“Phra Aphaimani is probably the most beloved of all the epics staged as lakhon nok. It was written by Thailand’s foremost court poet of the early Bangkok period, Sunthorn Phu (1786–1855). He worked during the first five Chakri rulers, but temporary lost his position and favour. While imprisoned by King Rama II he wrote Phra Aphaimani, which is based on diverse sources including several Buddhist Jataka stories. The main theme involves the education of the Don Juan-like hero, the flute-playing Phra Aphaimani, in several fantastic places. His adventures include, among others, service in a foreign army, a meeting with a Western heroine, and a marriage to a sea monster. [Ibid]

“Sang Thong, based on a widespread Asian legend, is another popular plot for lakhon nok. Its earliest Thai version dates from the Ayutthaya period in the seventeenth century, but the commonly used drama version is from the beginning of the nineteenth century, when Rama II and his court poets adapted the tale to court tastes. Sang Thong, like other lakhon plots, is very complex, and the actual performances usually consist of only one or two acts, as the overall context is known to the audience. Lakhon nok has many features in common with lakhon nai, although its music has a faster tempo, and dance skills of a classical standard are not necessarily required. Sometimes it even includes parodic references to the classical court tradition. There are also differences in the vocal parts because this tradition permits the dancer-actors themselves to sing. [Ibid]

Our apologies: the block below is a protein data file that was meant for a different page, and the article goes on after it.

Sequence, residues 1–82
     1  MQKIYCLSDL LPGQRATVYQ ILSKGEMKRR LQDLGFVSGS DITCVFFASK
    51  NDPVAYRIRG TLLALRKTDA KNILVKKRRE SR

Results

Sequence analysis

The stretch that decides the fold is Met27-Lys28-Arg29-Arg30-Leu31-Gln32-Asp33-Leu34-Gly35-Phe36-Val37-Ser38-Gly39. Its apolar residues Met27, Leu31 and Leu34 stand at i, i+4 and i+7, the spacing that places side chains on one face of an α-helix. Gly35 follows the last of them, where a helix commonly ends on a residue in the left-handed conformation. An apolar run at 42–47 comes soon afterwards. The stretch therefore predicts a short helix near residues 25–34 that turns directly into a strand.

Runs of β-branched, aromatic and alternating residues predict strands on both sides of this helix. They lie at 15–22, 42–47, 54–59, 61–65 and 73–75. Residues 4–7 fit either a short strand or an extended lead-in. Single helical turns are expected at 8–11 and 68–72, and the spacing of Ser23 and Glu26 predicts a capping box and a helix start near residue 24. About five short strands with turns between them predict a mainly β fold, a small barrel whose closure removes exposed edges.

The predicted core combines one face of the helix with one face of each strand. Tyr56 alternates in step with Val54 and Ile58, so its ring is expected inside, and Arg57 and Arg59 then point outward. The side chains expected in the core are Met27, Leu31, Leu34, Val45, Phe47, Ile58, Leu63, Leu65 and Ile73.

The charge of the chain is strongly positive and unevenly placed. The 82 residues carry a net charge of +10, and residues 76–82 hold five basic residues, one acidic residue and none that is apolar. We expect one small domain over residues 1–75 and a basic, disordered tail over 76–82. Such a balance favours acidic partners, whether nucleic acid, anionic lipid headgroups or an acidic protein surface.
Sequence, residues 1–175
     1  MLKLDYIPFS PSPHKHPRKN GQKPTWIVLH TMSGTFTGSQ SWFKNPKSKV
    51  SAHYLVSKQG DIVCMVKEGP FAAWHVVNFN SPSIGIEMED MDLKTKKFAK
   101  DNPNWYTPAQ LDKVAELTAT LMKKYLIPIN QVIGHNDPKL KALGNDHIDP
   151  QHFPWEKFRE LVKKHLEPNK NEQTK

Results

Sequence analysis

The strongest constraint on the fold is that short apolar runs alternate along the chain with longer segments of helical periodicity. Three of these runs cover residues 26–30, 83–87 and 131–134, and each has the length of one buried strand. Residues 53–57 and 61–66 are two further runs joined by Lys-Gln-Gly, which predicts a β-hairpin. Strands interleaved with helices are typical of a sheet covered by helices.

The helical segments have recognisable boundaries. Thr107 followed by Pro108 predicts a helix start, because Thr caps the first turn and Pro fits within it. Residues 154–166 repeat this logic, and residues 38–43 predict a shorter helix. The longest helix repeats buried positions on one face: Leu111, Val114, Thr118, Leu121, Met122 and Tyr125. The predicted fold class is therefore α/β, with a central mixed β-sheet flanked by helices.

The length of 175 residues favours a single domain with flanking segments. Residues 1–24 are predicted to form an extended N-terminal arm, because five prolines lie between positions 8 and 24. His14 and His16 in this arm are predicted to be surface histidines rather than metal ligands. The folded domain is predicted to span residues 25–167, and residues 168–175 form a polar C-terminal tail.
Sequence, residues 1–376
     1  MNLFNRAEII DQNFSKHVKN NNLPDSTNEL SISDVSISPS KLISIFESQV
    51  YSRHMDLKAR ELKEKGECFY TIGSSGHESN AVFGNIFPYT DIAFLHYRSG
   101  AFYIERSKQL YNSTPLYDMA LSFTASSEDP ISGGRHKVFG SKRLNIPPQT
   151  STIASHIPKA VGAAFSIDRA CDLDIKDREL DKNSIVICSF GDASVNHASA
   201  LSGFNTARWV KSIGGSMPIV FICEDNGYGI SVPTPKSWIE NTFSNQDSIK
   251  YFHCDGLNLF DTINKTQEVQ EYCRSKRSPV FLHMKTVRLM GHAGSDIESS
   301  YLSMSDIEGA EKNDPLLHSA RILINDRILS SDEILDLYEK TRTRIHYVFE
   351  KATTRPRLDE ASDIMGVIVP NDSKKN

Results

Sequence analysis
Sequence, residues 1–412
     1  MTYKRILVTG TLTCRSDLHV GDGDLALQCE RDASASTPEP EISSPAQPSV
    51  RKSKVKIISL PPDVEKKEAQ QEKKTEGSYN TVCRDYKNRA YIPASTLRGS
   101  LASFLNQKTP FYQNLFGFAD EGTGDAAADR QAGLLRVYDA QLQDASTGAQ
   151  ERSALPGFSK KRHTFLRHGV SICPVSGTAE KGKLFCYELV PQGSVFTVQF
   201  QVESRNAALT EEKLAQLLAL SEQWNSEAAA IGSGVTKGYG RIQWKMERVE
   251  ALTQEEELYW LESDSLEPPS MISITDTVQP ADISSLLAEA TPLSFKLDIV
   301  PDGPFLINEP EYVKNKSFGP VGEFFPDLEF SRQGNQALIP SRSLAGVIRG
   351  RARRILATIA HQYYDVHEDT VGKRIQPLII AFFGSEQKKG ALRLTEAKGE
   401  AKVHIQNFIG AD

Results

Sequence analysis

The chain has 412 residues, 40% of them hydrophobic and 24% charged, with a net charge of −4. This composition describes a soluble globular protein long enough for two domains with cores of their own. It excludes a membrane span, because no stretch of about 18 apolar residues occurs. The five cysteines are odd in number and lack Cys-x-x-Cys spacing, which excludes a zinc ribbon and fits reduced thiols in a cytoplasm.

“The costumes in lakhon nok are mainly based on classical dance attire, although some characters, such as Sang Thong in the black man’s disguise, wear masks. At the peak of its popularity at the end of the nineteenth century, lakhon nok was being performed in almost a hundred casino-theatres around Bangkok. It was naturally affected by the tastes of the common people, with a stress on the comic aspects and a free interpretation of the theme. The sets make full use of illusionistic effects with painted backdrops and modern lighting. The National Theatre of Thailand and theatre groups in the universities still perform lakhon nok from time to time. [Ibid]

Wai Kru Ceremony